In addition, we evaluated the effect of NMDA stimulation on the differentiation of neurons and astrocytes, as well as on the proportion of OPCs that did not differentiate into mature oligodendrocytes. Cell cultures were stained after 3 days of differentiation with antibodies to PDGF receptor (PDGFR), to label only OPCs and with O4 that label both OPCs and mature oligodendrocytes. Mature oligodendrocytes were only positive for O4 whereas OPCs were positive for both markers. Treatment of cells with NMDA during differentiation induced an increase in the number of differentiated oligodendrocyte, but a significative reduction on the OPCs number (Figure 2), demonstrating the effect of NMDA on differentiation from immature to mature oligodendrocyte. To evaluate astrocyte differentiation we labeled the proliferating cells with 10 μM BrdU and stained the cultures with anti-GFAP and anti-BrdU antibodies. GFAP is expressed in both proliferating SVZ progenitor cells and in non-proliferating mature astrocytes.To quantify mature astrocytes we counted only GFAP+/BrdU- cells. No significant differences were found between control and NMDA treated cells. Likewise, no differences were found on the number of differentiated neurons as assessed with βIII tubulin staining, or in the total number of proliferating cells (BrdU+ cells; Figure 2).
FIGURE 2. Neurosphere cultures were differentiated for 3 days in the absence (CTRL) or presence of 100 μM NMDA. After 2 days, proliferating cells were primed with 10 μM BrdU for 24 h, fixed and stained with markers to label mature oligodendrocyte (O4), OPC (PDGFR/O4), astrocytes (GFAP+/BrdU-), neurons (βIII tubulin), and total proliferating cells (BrdU). Results are expressed as a percentage of stained cells vs. total cells, counterstained with DAPI. Counts represent means ± SEM (n = 3 independent experiments, five fields in each). **p < 0.01, *p < 0.05 vs. CTRL.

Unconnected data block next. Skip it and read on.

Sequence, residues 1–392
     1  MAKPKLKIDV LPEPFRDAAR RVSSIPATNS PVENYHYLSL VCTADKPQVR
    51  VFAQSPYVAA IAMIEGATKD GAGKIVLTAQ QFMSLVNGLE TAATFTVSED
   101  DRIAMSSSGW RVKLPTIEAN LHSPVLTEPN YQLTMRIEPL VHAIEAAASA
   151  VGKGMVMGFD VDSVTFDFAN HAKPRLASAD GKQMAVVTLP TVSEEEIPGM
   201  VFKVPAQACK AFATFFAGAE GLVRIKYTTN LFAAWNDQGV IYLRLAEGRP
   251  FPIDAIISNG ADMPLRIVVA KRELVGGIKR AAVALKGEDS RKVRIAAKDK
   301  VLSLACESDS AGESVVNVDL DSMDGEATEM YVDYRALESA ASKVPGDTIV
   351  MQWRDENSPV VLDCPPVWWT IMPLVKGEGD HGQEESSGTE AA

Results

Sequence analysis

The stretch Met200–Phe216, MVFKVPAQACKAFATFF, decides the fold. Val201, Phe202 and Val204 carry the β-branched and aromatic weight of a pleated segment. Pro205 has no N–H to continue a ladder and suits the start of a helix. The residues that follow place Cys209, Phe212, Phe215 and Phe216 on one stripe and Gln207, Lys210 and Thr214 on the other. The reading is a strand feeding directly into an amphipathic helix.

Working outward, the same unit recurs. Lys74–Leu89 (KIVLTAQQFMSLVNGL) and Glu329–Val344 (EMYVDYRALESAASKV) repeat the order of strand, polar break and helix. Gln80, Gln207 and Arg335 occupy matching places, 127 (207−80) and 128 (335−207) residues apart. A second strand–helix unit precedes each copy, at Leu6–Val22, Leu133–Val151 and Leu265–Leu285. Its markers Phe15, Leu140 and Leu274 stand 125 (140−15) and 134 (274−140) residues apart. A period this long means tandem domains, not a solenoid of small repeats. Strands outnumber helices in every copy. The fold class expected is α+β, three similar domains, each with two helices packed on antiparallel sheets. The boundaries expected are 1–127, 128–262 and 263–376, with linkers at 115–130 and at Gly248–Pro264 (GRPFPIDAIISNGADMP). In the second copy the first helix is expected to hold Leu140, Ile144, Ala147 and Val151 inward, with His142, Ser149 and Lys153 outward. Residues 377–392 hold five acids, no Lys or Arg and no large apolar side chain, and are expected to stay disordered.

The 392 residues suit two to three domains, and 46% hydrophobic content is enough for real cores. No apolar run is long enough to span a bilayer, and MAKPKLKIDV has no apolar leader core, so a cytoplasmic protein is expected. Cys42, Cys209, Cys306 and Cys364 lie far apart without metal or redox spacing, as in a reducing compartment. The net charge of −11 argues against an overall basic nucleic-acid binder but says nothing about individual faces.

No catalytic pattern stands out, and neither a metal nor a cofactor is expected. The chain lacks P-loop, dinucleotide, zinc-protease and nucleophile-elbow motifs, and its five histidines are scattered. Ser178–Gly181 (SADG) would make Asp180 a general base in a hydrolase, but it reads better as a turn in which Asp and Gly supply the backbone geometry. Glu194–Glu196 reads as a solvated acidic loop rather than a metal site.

In a previous study we demonstrated that NMDA-dependent oligodendrocyte differentiation occurred through the activation of NOX and the subsequent generation of intracellular ROS, which acted as a second messenger (Cavaliere et al., 2012). To establish the link between NMDA receptors, PKC and NOX activation, we first examined the expression profiles of the transcripts that encode the various NOXs expressed in the CNS (NOX1–2, 4) by quantitative RT-PCR. We found that all the NOXs examined are expressed in SVZ multipotent cells (Figure 3A). Furthermore, we observed that stimulation with NMDA (100 μM) during differentiation induced the traslocation of NOX subunit p67phox into the oligodendrocyte plasma membrane (Bedard and Krause, 2007), as demonstrated by confocal double immunofluorescence with O4 (Figure 3B). The use of the specific NMDA antagonist MK801 modulated the translocation, demonstrating the specificity of the NMDA effect. To get some insight as to which of the NOXs is involved in the modulation of oligodendrocyte differentiation we measured the differentiation rate after treatment of cells with NOX inhibitors. Gp91, which specifically inhibits NOX2, reverted the effect of NMDA during differentiation by 70% suggesting a pivotal role for NOX2 in oligodendrocyte differentiation (Figure 4A). The other general inhibitor, DPI, was toxic to the cells (data not shown). Finally, to further assess the involvement of the NMDA-PKC-NOX signaling cascade in modulating differentiation, we measured ROS generation during differentiation after stimulation with NMDA. We observed that activation of NMDA receptor induced a significant increase of ROS by 30% that is inhibited when the signaling in the NMDA-PKC-NOX pathway is blocked by the PKC inhibitor G06893 (Figure 4B).